My observing report

As I drove up the winding road to my driveway, I idly mused upon the insignificance of television as I contemplated the approaching chlorofluorocarbons ... would it be warmer tonight?. When I arrived at the parking lot, it was filled with friends eager for a night's observing. I counted at least 14 telescopes set up.

I started my night's observing with one of my favorite objects, M 48. It looked a bit like a whale spouting. Then, for a real challenge, I found by accident M 104. It reminded me of cotton on velvet. Next, I checked off NGC 3736. It looked uncannily like its Hubble photograph. After that, I sketched B 335. It looked exactly like yet another globular.

After a short break to do some yoga, I identified Abell 47. It was not quite as bright as fleecy wool. After that, I sketched Abell 51. It was as bright as smoke signals from a rampaging Iroquois band. After that, I logged IC 567 in Gemini. It gave the appearance of 60 grit carborundum on asphalt. After I'd spent a few minutes looking at that, I found by accident M 1 in Lyra. It seemed just like Smokey the Bear. After I'd spent a few minutes looking at that, I slewed to NGC 3387 in Scorpius. It appeared in the eyepiece like Alan Rickman. Then, for a real challenge, I showed some guests B 370. It somewhat resembled Demi Moore. Then, I found Abell 16. It would be easy to confuse with a smoke ring. Then, for a real challenge, I jumped to Abell 73 in Sagittarius. It appeared as Demi Moore. After that, I observed Abell 37. It reminded me of cotton on velvet. With that checked off my list, I located Abell 32 in an unknown constellation that looked like a toaster. It seemed almost a smoke ring. Next, attacking my personal nemesis, I showed some guests Abell 80 in Ursa Minor. It seemed fainter than all the other smudges I've ever looked at. After that, I checked off NGC 6611 in an unknown constellation that looked like a toaster. It was not quite as bright as its Hubble photograph. Then, for a real challenge, I identified B 229. It seemed almost whispy tendrils of nebulosity. Next, attacking my personal nemesis, I identified M 77 in Serpens. It compared favorably with all the other smudges I've ever looked at. Next, attacking my personal nemesis, I accidentally located M 100 in Ophiuchus. It was as bright as the eye of God. With that checked off my list, I hunted for B 410 in Ophiuchus. It was as bright as Santa Claus.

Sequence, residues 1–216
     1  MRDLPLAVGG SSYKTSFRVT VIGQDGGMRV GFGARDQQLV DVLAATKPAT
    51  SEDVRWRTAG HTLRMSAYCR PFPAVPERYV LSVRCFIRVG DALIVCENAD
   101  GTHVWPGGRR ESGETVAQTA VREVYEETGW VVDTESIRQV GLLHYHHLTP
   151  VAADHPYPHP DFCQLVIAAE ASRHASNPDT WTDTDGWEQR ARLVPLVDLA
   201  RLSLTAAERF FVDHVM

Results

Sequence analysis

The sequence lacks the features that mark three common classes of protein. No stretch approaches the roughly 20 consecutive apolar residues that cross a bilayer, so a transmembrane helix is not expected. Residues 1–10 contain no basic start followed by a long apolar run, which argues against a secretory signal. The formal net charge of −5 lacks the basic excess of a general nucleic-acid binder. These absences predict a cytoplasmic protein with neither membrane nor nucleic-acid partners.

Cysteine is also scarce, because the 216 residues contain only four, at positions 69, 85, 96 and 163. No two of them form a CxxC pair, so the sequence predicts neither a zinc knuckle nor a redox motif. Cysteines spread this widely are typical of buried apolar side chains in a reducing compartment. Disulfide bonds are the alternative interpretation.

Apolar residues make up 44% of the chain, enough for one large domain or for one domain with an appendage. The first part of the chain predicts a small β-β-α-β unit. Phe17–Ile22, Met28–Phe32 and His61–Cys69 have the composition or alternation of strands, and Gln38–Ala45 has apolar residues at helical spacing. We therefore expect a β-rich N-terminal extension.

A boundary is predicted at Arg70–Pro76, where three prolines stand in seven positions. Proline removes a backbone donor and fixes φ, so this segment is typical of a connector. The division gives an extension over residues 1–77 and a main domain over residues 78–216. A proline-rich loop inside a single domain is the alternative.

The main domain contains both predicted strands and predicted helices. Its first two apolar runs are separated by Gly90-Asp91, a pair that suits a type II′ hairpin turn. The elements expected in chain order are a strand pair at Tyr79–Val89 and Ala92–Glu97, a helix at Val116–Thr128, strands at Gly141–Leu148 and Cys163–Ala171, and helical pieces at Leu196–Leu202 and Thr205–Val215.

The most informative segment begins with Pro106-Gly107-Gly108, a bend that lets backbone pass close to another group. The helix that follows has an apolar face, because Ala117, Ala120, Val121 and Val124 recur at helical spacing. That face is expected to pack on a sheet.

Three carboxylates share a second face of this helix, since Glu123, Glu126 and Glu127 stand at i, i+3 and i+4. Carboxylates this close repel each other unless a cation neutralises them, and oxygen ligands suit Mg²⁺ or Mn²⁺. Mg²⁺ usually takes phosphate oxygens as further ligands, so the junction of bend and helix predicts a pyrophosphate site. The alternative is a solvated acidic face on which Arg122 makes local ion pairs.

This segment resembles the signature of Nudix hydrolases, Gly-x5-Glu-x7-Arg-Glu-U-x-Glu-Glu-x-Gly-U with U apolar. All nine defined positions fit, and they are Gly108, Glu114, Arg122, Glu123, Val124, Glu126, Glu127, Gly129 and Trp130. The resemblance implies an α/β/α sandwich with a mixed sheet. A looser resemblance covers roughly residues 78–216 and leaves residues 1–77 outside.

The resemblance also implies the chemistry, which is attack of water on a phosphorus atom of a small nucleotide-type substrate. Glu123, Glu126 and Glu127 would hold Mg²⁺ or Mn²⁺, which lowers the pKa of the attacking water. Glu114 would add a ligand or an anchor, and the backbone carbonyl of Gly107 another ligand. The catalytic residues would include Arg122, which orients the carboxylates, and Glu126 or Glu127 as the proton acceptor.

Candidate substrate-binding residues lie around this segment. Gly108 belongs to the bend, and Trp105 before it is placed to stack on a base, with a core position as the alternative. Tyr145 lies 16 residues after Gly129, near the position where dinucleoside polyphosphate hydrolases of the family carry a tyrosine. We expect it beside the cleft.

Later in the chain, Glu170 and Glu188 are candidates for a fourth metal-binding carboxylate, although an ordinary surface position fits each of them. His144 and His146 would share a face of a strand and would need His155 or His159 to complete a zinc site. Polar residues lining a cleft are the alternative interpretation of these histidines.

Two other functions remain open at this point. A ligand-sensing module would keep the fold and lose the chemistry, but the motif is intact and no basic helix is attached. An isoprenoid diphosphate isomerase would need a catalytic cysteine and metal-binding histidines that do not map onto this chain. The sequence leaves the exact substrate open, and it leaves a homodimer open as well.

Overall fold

Finally, it was time to pack up and leave. As I drove home, I contemplated the events of the night, and realized that any night out under the sky with good friends is better than phone sex.


    ...Akkana (with help from David North, Jane Houston Jones, and Bill Arnett) .

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